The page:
An offering for the children and families of Room 6
We recognize that connection is of utmost importance during this time. This can be tricky to navigate with toddlers who are just learning how to use the various video technologies. The children's adaptability is shining through as they demonstrate their growing understanding of what it means to share time together through a screen.
Below are some strategies for supporting the children in engaging with the humans on the other end of the screen.
Objects in Motion
One idea is to keep moving. As your chatting partner (whether that is a grandparent, a family friend, or a teacher) to move around their house as they talk to your child. This can lead to games such as 'I Spy', finding objects to tell your child about, or giving a tour of their home.
Make it a Musical
When in doubt, sing it out! Music keeps children engaged in a video call. Many songs are accompanied by hand gestures or support jumping, dancing, and moving for an added interactive component. If your chatting partner can play an instrument, that is a bonus!
Here are some more resources about keeping video chatting interesting with your child!
What strategies have worked for you?
An offering for the children and families of Room 3
While working with glue with infants and young toddlers can be a bit messy, it can provide a new and interesting sensory experience for your child with something easily accessible at home.
Glueing is a fun way to work together to create an original work of art that can can support fine motor coordination and provide a new and engaging creative experience.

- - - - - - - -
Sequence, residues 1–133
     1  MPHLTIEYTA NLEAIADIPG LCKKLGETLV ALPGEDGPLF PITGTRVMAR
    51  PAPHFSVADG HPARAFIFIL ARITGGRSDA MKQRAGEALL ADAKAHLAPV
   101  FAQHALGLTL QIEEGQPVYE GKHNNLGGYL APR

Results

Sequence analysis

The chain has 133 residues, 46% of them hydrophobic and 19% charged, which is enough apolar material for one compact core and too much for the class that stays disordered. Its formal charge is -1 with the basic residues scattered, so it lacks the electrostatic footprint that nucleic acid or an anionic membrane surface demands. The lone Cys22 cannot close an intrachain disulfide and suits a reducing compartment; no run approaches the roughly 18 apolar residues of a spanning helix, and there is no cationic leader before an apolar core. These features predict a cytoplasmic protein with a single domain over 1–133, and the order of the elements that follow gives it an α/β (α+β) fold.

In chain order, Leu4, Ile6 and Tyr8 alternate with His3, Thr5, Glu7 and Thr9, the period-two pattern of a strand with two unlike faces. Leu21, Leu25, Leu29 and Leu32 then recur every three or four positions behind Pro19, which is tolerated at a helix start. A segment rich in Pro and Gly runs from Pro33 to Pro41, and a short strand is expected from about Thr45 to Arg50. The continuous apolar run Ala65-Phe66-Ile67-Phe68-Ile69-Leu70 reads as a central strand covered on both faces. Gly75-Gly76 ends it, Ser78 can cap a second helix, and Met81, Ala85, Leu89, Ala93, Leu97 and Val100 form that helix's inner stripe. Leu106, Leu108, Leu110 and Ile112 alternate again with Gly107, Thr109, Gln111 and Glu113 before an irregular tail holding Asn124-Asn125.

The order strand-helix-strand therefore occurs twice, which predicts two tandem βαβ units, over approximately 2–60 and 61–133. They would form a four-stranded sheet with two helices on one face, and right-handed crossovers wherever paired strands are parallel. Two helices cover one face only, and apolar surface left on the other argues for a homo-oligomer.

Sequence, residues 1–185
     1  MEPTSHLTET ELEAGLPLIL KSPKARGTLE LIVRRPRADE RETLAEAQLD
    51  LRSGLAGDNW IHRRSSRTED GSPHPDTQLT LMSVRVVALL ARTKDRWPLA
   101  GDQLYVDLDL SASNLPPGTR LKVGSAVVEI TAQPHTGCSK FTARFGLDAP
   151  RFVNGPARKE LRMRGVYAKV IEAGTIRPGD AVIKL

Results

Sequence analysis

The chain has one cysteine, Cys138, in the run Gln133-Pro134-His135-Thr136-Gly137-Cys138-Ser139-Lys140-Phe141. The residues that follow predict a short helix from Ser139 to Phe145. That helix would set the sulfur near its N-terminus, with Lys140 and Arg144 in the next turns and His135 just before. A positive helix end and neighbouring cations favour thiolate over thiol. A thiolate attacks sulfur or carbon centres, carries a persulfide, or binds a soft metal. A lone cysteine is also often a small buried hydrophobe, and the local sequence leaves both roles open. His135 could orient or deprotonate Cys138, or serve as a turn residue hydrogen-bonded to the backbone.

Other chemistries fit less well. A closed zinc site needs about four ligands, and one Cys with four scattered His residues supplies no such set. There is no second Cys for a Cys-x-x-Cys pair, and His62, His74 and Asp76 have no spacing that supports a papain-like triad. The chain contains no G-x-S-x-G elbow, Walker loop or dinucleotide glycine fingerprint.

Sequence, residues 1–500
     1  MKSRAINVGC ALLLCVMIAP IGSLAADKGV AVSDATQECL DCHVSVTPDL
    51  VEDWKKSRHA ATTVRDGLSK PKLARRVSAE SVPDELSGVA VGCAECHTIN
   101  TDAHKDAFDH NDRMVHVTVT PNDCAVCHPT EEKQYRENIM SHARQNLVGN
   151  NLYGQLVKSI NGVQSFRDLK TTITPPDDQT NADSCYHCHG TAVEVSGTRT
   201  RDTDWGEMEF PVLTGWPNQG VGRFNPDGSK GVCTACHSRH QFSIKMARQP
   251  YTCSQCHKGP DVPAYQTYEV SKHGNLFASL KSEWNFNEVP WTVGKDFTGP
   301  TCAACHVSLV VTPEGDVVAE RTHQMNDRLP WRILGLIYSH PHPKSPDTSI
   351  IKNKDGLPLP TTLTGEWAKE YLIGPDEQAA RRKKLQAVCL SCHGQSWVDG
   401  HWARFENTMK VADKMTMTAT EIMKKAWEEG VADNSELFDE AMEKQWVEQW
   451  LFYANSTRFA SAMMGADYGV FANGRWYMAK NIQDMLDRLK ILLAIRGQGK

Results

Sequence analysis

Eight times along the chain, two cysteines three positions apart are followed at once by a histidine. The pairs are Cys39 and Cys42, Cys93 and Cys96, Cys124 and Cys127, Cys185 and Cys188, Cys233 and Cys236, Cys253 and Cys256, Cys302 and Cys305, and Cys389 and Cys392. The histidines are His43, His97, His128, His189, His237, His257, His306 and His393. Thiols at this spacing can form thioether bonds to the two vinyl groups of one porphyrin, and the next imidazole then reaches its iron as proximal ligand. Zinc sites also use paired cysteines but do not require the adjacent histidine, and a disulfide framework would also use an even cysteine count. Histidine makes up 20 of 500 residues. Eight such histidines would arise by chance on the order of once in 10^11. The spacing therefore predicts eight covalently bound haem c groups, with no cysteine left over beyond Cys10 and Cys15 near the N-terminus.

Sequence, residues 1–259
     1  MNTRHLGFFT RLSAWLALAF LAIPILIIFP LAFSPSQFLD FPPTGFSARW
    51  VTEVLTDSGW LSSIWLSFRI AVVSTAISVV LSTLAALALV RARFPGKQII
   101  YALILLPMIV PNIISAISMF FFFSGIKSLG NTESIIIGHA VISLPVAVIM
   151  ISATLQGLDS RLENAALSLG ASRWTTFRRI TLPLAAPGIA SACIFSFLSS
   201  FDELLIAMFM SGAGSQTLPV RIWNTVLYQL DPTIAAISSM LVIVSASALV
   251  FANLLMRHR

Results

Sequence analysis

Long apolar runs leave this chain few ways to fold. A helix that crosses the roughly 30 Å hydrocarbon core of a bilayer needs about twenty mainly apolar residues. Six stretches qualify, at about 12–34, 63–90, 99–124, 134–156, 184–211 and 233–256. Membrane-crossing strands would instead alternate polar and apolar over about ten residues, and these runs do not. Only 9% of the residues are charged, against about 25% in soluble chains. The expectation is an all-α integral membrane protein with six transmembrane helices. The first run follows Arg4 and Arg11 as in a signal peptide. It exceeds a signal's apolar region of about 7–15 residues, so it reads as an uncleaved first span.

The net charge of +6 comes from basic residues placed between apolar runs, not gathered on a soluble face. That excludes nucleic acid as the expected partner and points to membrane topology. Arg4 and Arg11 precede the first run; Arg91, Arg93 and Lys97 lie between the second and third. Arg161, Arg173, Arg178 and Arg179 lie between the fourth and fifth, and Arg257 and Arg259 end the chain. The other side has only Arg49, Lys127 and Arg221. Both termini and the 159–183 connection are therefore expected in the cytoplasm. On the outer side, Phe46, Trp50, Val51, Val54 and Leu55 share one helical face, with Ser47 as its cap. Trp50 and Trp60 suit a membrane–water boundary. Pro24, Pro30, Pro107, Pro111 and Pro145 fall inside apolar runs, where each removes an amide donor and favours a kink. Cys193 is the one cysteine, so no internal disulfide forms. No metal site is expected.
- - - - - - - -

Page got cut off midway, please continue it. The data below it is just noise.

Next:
In the past, teachers have offered glue alongside a paintbrush or something that can be used as a paintbrush (flowers, leaves, sticks, pipe cleaners, etc.) and materials that children can use to stick to a paper. Both solid and liquid glue offer different, fun, sensory experiences.
The Room 3 teachers suggest putting down big pieces of paper or newspaper over the surface you plan on using to work, and then having a warm, wet cloth around to wipe off excess glue and your child's hands.
An offering for the families and infant children of Room 2 from Resident Teacher Emily
While still in school, the children and teachers of Room 2 had been investigating sound. While at home, this investigation continued through the variety of offerings from the infant teachers. Resident Teacher Emily decided to use some random materials in her house to create "The One Emily Band."
She remembered that as a child, she would pull out the pots and pans and bang on them to make music. She thought it would be fun to do this again as an adult and create a little tune to go along with the sound exploration. She reflected that this can create big sounds, so doing it outside might offer a more enjoyable experience for everyone.
Here are some of the materials she found:
She took videos of herself using these materials and created a song in iMovie.
An offering for the children of Room 11 from Mentor Teacher Laura
There may be a lot of big feelings happening right now and play is a great way to make sense of what may be happening. Laura had a lot of fun making these. She offers the experience to her children to see what different versions and characters they will develop.
An offering for the children of Room 15
Step 5: Investigate